KARACHI: India’s Pankaj Advani successfully defended his World 6-Red crown by defeating Chinese teen sensation Yan Bingtao 5-2 in the final of the IBSF World 6-Red Championship at the Mövenpick Hotel in Karachi.
Bingtao is rated highly after becoming the youngest ever amateur champion last year, but Advani’s experience showed as he eased to an almost perfect win with a scoreline of 37-21, 57-00, 32-29, 00-66, 08-38, 48-00, 75 (71)-00 and 40-28. “It’s a great feeling to successfully defend my title, snooker is such an unpredictable game,” said Advani, before going on to praise the event. “Great hospitality and event.”
The losing finalist, Bingtao, was also upbeat despite being on the wrong end of the Advani masterclass. “I didn’t even think I’d reach the final,” he said. “I just came into this tournament hoping to learn and gain as much practice as I can in order to be ready for the professional circuit next year. It was great playing in Pakistan.”
Earlier in the day, Advani was pushed further in the semi-finals by Pakistan’s Asjad Iqbal, who led the match 0-2 initially, only for the defending champion to come from behind and take the match 5-4.
Asjad started off the match brilliantly to claim a two-frame lead before Advani came into his own and claimed the next three frames, going 3-2 up. Asjad levelled 3-3 and then 4-4 to take the topsy-turvy clash into a decider. Advani kept his nerve in the all-important frame to win 04-51, 07-56, 46-0, 36-01, 40-14, 10-53, 39-17, 0-59 and 52-14.
“There are good days and bad days and mine was the latter,” Asjad told The Express Tribune. “I wanted to give the people of Pakistan a gift just before August 14. I apologise to everyone that I was unable to do so. The team event starts on Wednesday and we’ll try to win that now.”
Mohammad Asif was the other Pakistani semi-finalist who fell at the penultimate hurdle as he too was downed 5-4 by Bingtao in what was the match of the tournament so far.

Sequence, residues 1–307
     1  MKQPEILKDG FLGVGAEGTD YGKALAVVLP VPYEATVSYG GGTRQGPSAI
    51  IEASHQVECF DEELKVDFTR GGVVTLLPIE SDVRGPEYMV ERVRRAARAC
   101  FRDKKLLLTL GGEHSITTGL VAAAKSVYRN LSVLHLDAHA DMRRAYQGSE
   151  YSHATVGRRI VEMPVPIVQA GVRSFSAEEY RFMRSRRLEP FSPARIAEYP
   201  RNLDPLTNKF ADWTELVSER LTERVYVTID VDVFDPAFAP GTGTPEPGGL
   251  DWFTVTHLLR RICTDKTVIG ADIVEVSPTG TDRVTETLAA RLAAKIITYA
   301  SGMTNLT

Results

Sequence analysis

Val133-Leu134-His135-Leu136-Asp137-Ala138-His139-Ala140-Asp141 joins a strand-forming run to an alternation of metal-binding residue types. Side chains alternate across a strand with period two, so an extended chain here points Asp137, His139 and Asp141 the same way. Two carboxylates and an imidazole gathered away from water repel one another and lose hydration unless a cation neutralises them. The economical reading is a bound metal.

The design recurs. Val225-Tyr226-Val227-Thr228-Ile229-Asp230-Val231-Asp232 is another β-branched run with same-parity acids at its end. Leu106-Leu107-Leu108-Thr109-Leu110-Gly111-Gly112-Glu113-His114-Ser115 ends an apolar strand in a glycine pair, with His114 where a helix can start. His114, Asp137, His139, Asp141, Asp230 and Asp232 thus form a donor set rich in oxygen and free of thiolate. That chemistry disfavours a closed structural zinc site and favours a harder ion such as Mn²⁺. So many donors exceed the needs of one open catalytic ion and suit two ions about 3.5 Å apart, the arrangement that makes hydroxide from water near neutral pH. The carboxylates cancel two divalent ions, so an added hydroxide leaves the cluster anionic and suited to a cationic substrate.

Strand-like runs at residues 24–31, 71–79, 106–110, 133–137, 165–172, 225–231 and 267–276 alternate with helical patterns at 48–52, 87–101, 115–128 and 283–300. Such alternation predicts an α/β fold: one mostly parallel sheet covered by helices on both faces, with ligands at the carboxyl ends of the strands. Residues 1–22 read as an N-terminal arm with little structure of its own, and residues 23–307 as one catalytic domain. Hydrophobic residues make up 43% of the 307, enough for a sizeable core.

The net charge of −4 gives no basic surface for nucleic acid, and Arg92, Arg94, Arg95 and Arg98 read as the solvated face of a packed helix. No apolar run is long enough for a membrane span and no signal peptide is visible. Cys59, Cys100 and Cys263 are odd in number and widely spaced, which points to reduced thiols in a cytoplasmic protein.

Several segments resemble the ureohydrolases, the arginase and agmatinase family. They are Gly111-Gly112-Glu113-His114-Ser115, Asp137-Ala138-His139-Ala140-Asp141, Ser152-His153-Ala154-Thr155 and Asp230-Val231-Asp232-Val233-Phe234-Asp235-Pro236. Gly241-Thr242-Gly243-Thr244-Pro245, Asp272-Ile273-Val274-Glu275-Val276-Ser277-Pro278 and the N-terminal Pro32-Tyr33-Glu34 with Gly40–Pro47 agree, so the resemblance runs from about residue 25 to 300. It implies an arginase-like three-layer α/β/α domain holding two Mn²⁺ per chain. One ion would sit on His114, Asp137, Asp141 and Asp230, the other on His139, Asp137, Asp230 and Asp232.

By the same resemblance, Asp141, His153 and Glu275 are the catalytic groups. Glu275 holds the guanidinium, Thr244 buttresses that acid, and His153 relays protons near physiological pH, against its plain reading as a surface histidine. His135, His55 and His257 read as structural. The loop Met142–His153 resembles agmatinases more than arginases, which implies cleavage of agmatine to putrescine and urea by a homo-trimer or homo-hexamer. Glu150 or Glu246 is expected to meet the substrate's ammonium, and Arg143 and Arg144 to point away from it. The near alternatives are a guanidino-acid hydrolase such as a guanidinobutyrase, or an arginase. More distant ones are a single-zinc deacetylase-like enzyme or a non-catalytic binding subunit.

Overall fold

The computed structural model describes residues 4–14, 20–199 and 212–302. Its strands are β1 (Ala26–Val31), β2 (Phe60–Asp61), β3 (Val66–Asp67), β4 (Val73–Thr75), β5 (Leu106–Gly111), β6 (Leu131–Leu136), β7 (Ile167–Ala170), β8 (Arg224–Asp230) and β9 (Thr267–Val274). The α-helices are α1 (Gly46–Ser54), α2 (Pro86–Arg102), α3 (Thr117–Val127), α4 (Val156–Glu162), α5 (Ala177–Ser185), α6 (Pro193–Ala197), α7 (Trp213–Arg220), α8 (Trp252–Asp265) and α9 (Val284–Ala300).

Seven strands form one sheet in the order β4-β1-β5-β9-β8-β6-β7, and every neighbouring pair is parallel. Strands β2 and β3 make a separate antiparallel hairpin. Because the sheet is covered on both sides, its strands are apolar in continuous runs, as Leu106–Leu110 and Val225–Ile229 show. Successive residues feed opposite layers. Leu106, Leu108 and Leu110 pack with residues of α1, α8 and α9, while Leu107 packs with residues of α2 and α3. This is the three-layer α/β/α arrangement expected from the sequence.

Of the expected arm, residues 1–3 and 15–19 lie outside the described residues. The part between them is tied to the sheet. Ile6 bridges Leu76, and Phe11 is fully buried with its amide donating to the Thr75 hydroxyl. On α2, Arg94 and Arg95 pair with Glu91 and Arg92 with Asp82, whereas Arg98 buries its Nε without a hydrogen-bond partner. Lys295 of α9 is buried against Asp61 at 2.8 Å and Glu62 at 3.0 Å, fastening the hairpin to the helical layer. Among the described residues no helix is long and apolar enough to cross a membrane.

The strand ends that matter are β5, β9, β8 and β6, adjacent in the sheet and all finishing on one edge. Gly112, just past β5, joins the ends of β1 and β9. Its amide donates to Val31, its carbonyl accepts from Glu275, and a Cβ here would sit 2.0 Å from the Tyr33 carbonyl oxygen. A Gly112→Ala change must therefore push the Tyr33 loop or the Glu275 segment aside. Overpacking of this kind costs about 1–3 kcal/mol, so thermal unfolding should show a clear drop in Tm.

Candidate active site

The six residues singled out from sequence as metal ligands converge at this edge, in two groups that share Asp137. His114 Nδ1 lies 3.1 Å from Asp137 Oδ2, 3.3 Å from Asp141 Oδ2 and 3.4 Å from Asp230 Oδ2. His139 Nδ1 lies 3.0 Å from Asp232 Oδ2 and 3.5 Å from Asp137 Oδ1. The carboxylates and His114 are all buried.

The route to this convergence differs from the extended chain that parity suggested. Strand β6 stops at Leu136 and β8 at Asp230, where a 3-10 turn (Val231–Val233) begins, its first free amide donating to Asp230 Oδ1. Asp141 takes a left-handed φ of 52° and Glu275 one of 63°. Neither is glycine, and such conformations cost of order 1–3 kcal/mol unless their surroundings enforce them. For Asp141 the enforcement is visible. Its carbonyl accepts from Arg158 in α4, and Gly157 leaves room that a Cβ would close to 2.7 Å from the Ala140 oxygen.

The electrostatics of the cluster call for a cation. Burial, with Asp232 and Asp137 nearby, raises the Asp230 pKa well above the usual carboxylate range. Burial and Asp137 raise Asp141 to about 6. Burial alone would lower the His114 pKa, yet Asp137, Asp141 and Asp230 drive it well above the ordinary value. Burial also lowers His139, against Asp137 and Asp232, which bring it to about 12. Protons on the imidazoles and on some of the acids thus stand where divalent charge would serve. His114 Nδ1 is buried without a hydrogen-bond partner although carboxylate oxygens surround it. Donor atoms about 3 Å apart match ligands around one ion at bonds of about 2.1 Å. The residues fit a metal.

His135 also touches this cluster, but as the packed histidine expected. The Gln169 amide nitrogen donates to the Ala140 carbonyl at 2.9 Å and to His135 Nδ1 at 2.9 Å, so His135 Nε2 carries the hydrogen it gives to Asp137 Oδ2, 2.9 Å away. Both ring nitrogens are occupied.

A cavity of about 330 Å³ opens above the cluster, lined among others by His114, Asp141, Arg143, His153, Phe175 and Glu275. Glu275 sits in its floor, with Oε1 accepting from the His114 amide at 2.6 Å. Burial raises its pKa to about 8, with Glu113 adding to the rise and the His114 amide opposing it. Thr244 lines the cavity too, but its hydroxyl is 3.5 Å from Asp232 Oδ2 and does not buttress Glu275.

Asif proved unstoppable in the beginning, winning three consecutive frames and leading 4-1 to leave himself just one frame away from the final.
The 15-year-old Chinese is made of sterner stuff though and pulled off a remarkable smash and grab by claiming the next four frames on the trot to make it to the final with scores of 03-51, 0-71(71), 0-46, 48-0, 13-48, 32-20, 67-30, 68-40 and 47-07.
After the match, Asif said he felt that he had played well and tried his best but it just was not meant to be. “The match was one-sided and going in my favour, but I ended up losing,” he said, before also turning his attention to the team event, like Asjad. “The team event is starting from Wednesday so we will try our best to continue our form and win the title.”
The experienced cueist also reserved praise for his young opponent. “Sajjad and Bingtao’s match last year also went to the final frame and so did ours today,” he said. “Bingtao is a highly skilled player and made a strong comeback.”
Ng On-Yee wins women’s 6-red title
Hong Kong’s Ng On-Yee beat India’s Vidya Pillai 5-2 in the final to claim the women’s World 6-Red Championship.
The 24-year-old was understandably delighted. “I’m absolutely over the moon,” stated an elated On-Yee. “I felt very nervous even though I’ve won this tournament before because Vidya is a very good player.”
On-Yee defeated top-seed India’s Amee Kamani 4-1 in the semi-final by scores of 18-61, 36-17, 42-08, 39-0, 50-0 and then thrashed Kamani’s second-seed compatriot Pillai by scores of 44-00, 36-02, 37-07, 46-11, 07-39, 01-38 and 37-06.
“I’m really frustrated about the way the game went,” said Pillai. “I just couldn’t get the balls to go in and once she was 4-0 up, I knew there was very little I could do. I’m grateful to the PBSA for their hospitality. The event was well-organised, the security arrangements were great and I’m surprised more players and countries didn’t show up.”
IBSF World Team Championship begins
As the dust settles on the World 6-Red event, the IBSF World Team Championship will kick off on Wednesday, with as many as 33 pairs vying for the title.
Hosts Pakistan have fielded eight teams, including former World Team Champions Mohammad Asif and Mohammad Sajjad.
Meanwhile, Shahram Changezi will pair with Babar Masih after original partner Hamza Akbar withdrew from the competition due to his involvement with the professional circuit.
However, Shahram is confident that his team can do well.
“Even though Hamza has been ruled out, I’m confident that our team is good enough to fight for the title,” Shahram told The Express Tribune. “The performance of Pakistani players has been really good so far in the tournament so great things can be expected from us.”
Published in The Express Tribune, August 12th, 2015.
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